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Surveying Antarctica: from dogsled to satellite

Air and Space

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Abstract

Base maps of Antarctica are needed at scales of 1:250,000 to plot scientific data, yet after 20 years of a major mapping effort, only about 20 percent of the continent has been accurately mapped using aerial photographs and ground surveys. Encompassing nearly 14.3 million square kilometers (5.5 million square miles), Antarctica still presents a formidable mapping task. Except for the area around the geographic South Pole, Landsat could, in just a few years, provide the images to planimetrically map Antarctica at such scales as 1:250,000. Just 11 Landsat images would encompass the same area mapped to date at a 1:250,000 scale. Navigation satellite data from ground stations can provide the necessary horizontal and vertical ground control in many areas. Other polar orbiting satellites could be used to establish elevation profiles of the ice surfaces on Antarctica. If this presently available space technology is fully utilized, the scientific exploration of the huge Antarctic continent will be greatly accelerated, fulfilling one of the goals Commander Byrd began to work toward 50 years ago.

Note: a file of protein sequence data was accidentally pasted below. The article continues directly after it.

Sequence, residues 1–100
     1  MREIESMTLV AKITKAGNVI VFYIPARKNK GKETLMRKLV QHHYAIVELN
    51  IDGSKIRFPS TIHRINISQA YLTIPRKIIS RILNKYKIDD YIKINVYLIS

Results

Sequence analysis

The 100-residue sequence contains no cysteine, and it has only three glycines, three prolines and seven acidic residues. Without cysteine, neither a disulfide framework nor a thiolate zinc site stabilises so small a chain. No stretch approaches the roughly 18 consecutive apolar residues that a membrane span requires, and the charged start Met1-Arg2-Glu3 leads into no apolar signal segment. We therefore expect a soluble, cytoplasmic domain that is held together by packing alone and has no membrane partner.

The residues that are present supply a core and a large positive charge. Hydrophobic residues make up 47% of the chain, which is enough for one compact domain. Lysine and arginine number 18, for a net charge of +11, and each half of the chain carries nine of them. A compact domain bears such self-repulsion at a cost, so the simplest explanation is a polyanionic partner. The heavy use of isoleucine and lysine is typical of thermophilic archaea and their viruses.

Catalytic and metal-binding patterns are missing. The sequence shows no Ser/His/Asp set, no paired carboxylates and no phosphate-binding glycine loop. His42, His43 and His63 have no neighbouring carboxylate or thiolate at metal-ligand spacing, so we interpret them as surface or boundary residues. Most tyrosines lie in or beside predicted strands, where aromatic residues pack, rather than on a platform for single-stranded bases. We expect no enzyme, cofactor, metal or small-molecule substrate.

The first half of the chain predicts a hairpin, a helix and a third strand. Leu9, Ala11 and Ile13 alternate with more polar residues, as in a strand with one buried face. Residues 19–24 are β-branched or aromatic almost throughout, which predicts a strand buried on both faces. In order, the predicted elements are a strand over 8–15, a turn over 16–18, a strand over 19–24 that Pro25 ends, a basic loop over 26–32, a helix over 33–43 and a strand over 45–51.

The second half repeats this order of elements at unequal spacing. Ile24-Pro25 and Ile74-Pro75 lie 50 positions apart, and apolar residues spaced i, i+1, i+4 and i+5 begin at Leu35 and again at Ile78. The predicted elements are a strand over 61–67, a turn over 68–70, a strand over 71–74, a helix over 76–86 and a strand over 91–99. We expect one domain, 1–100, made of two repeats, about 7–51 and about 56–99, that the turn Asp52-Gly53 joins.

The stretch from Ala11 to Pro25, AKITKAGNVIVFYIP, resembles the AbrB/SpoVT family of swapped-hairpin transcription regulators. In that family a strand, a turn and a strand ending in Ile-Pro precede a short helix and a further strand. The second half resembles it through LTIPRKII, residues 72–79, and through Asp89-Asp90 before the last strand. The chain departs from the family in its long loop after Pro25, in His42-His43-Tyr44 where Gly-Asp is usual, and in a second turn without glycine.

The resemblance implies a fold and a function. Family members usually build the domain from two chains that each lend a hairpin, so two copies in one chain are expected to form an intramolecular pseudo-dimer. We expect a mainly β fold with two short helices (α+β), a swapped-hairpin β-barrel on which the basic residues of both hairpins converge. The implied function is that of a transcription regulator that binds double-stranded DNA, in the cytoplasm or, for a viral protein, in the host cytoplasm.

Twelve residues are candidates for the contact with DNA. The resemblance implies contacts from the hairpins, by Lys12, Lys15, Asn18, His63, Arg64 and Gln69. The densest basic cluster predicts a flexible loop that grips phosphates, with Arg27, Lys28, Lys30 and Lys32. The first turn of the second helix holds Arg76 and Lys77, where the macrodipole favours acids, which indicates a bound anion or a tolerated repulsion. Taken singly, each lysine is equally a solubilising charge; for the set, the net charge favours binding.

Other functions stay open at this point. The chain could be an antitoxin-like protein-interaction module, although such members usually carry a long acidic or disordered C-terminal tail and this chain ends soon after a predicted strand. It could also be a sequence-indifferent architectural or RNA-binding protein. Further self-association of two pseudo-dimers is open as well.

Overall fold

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Additional publication details

Publication type:
Article
Publication Subtype:
Journal Article
Title:
Surveying Antarctica: from dogsled to satellite
Series title:
Air and Space
Volume:
3
Issue:
1
Year Published:
1979
Language:
English
Publisher:
National Air and Space Museum
Publisher location:
Washington, D.C.
Contributing office(s):
Earth Resources Observation and Science (EROS) Center
Description:
2 p.
First page:
3
Last page:
4
Country:
Antarctica